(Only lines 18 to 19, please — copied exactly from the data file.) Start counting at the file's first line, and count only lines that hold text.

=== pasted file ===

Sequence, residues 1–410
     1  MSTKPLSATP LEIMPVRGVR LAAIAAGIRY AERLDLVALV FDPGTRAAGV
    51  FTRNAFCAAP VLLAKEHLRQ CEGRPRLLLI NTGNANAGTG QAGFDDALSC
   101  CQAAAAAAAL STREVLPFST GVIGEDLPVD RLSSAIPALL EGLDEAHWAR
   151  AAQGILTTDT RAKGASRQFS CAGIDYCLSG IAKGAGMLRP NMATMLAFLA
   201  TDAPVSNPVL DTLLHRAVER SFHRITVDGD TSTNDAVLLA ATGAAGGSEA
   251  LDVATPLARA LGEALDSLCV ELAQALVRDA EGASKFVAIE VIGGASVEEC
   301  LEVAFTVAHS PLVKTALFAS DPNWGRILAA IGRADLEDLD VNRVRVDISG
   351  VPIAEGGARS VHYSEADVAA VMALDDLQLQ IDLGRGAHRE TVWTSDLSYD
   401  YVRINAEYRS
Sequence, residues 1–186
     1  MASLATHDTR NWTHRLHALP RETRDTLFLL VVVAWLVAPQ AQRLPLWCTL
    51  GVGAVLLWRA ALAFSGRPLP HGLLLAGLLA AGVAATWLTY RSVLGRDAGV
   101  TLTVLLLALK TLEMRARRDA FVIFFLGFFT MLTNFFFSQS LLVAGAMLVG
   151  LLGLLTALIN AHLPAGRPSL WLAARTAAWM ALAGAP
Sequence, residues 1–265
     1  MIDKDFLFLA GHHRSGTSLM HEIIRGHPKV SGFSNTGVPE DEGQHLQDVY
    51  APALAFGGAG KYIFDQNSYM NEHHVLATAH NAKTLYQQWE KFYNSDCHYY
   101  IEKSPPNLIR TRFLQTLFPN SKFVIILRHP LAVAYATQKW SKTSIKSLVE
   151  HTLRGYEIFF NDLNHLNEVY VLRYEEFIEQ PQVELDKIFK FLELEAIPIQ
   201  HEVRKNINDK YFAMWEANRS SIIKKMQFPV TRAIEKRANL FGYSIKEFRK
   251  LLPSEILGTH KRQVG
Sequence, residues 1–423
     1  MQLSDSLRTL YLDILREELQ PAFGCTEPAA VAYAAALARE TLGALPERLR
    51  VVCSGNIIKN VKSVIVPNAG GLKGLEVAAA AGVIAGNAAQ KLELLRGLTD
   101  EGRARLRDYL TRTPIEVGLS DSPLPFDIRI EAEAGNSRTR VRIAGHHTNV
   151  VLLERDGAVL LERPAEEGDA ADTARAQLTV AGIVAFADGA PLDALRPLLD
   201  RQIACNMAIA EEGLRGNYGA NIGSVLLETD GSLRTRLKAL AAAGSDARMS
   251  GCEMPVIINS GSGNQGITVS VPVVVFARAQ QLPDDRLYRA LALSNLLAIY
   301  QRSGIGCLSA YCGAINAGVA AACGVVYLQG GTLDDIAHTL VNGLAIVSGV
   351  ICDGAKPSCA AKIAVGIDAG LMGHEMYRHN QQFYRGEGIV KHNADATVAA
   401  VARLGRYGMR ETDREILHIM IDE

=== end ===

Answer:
    51  APALAFGGAG KYIFDQNSYM NEHHVLATAH NAKTLYQQWE KFYNSDCHYY
   101  IEKSPPNLIR TRFLQTLFPN SKFVIILRHP LAVAYATQKW SKTSIKSLVE